Vehicle Part Libraries
Quite a lot of studios have libraries for brake, caliper, suspension, etc. that help with placing the objects where they belong. If that sort of library is nonexistent, you have to make it by studying references (or not if you are lucky to get a CAD mesh). Having a shared library for the interior is quite difficult as the interiors of vehicles vary a lot, so if you don’t have one, there goes the same: searching for references, camera matching, searching for parts and stuff and then modeling the pieces accordingly.
From my experience so far, I can say materials for cars are quite easy. The cars are generally made pristine, hence just basic PBR materials can do the job quite well. In some cases, studios have their own material and shader libraries so after proper unwrapping, you simply apply those materials and shaders and you are done. In other cases, there are PBR spec sheets you follow as to what color range you can be in and what values for roughness/metallic, etc. you should have. If nothing is provided and/or available, you proceed as you normally would: a base material, a car paint on top of it, texturing… you get the drill.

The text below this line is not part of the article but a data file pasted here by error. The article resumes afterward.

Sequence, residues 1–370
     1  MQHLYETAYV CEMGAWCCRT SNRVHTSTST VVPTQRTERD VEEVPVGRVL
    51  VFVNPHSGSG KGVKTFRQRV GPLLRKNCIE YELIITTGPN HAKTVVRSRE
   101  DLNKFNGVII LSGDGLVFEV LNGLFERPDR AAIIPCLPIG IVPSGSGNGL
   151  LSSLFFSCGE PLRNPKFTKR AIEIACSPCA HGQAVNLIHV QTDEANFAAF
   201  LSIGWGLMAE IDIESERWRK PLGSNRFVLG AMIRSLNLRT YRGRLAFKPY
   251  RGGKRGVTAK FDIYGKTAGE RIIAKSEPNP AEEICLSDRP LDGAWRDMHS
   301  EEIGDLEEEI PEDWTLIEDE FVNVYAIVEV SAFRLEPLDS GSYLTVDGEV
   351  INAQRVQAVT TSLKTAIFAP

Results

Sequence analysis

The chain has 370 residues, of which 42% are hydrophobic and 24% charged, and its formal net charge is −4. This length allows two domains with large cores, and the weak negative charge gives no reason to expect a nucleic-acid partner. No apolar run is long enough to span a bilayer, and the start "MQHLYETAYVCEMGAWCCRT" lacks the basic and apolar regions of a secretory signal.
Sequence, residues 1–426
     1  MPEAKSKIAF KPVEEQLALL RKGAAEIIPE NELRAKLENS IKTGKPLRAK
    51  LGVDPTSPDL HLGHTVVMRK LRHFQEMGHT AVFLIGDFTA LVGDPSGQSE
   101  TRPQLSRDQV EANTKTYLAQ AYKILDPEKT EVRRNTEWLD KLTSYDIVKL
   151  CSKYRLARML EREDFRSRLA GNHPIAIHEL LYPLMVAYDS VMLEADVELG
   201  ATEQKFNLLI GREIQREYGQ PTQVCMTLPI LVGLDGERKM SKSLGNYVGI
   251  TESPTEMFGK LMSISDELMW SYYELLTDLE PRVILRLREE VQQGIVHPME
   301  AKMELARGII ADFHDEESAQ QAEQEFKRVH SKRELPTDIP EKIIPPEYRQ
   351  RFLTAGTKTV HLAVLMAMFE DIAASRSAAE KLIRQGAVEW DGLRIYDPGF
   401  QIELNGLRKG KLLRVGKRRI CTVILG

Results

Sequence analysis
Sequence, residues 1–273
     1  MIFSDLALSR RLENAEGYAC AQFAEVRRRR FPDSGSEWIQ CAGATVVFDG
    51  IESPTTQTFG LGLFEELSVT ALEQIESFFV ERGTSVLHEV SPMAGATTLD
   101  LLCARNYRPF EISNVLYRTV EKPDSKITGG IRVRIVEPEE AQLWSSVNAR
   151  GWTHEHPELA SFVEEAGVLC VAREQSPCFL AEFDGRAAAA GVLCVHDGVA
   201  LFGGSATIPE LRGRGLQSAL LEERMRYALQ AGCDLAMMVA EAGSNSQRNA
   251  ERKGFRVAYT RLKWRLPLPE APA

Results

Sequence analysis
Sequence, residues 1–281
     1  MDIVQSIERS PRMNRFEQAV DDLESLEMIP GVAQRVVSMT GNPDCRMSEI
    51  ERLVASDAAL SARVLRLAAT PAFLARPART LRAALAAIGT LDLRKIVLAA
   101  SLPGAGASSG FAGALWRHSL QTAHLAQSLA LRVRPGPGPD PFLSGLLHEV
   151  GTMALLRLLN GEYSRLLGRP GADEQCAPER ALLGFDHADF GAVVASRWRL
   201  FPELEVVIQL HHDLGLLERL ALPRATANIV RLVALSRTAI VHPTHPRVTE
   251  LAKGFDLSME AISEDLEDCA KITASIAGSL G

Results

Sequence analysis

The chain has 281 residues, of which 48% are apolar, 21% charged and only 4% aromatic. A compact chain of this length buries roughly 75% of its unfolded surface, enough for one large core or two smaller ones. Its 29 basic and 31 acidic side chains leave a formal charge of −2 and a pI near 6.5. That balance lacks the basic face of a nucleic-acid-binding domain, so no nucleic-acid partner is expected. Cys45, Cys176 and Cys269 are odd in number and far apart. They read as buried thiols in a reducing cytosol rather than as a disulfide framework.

Dirt & Use Marks
My experience might be different from what people are used to be doing, for example, you see a lot of vehicles in games which are dirty from the start. They have a story already and look like they have been already used before. A lot of work that I have done so far is a bit different: the car changes its look over time according to how the player uses it. Most of the cars are made pristine and look fresh out of the factory. When the player gets to use it, I have to design and pre-apply custom maps to preprogram the way dust/dirt/snow/etc. is supposed to appear and in which areas. It has to look believable and you have to study the references (I guess I should start counting how many times I say that!) for the grunge, dirt, and dust on the vehicles in use. Then you check everything on the mesh either in the game engine or a 3D program, and the rest is up to the player and the game engine programming.